The really great thing about candor and responsibility is that they not only eliminate the source of most misunderstandings and resentments but they also increase energy in individuals and organizations.

When I take responsibility for telling a particularly troublesome truth — one that I have been worrying about revealing for fear of a bad reaction — I feel an immediate burst of energy and creativity. Multiply this across a team and you can transform the way your entire workplace operates.

Want to Clean Up Your Workplace? Join Us in NYC or Boulder

Meg Dennison and I are teaching the tools of high-functioning workplaces in two workshops this fall in the New York City area and Boulder. Learn how to be a true 21st Century leader who inspires, creates connection and builds lasting value for themselves and their organizations. Check ’em out here.

Image: commons.wikimedia.org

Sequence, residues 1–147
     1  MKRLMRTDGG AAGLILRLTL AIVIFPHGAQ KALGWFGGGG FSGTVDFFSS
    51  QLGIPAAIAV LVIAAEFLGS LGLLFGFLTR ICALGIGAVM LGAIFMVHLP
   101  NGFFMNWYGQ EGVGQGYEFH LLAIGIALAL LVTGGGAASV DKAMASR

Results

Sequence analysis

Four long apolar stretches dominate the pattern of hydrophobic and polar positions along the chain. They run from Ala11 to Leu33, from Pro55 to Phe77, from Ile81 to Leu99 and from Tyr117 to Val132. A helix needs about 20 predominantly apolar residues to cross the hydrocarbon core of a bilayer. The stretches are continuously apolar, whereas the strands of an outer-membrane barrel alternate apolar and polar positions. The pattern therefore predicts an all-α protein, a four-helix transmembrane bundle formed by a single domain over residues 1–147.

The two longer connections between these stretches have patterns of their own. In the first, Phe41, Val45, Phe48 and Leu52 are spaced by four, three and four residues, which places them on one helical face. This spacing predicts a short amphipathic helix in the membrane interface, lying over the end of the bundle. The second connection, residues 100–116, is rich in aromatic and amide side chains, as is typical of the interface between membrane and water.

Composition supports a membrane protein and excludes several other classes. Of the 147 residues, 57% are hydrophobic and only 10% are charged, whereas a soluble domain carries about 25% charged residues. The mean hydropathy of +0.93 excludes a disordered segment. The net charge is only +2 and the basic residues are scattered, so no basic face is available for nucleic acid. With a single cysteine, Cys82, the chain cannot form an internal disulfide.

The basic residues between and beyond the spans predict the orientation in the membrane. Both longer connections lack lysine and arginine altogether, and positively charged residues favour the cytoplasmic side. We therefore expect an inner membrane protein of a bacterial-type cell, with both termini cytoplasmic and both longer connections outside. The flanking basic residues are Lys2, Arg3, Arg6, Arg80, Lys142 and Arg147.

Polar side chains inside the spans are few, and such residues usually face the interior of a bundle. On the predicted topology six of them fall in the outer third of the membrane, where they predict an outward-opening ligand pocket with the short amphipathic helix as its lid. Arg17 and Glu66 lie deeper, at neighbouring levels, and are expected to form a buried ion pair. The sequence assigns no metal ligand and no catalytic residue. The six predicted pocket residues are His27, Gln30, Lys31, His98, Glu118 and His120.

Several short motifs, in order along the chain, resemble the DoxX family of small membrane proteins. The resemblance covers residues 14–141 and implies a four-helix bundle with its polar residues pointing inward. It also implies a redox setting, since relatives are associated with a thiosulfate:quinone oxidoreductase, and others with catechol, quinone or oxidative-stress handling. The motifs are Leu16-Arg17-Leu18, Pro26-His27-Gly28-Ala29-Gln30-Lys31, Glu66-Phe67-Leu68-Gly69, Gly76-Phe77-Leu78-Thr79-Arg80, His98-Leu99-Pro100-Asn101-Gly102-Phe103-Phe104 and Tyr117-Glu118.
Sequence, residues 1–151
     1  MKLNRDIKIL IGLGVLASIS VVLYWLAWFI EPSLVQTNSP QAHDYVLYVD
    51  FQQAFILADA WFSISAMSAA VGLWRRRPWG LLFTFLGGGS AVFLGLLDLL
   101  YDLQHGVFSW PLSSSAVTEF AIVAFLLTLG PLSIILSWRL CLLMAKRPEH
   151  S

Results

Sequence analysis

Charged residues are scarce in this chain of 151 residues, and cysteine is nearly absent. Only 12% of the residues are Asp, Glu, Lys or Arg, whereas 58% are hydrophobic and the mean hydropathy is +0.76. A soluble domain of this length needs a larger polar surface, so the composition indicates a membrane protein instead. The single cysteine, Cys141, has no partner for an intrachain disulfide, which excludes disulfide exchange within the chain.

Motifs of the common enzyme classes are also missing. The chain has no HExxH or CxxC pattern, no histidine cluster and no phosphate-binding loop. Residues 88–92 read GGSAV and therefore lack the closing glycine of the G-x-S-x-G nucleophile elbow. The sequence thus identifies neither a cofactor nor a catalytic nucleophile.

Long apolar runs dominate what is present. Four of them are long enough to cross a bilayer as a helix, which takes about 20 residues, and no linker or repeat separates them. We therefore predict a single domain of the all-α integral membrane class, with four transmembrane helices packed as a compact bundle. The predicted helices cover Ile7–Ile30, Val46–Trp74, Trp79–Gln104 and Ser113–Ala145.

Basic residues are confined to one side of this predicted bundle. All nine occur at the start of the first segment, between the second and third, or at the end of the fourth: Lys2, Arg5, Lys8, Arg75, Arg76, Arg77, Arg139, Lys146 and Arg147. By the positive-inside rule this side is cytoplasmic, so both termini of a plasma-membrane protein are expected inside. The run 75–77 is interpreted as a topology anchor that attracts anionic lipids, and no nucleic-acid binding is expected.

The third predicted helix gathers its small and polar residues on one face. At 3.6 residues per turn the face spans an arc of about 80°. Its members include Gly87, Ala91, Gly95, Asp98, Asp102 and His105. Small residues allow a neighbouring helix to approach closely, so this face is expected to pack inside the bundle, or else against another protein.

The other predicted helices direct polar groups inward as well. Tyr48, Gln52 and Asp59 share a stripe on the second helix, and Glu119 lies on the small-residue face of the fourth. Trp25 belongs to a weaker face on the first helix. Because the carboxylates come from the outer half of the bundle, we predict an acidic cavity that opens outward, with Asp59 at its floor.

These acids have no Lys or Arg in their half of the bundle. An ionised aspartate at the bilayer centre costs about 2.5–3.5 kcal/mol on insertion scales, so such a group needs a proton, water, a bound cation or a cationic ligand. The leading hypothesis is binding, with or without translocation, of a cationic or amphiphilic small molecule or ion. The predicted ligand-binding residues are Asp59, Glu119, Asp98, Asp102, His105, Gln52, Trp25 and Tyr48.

Seven Key Moves Disruptive Leaders Learn to Make

Those who thrive in disruption are different than those who thrive in stability.

Those who thrive in disruption are different than those who thrive in stability.

Organizations and leaders who successfully navigate disruption – epochal changes in markets, world view and relationships – are different from those who struggle to adjust. Creativity counts more than efficiency when you’re Nokia and Apple has just released the iPhone. Innovation is more valuable than scalability when 3D printing allows lightening fast product cycles. Vision means more than certainty when you’re leading Chrysler back from the brink.

Here are seven ways disruptive leaders differ from their stability-minded peers: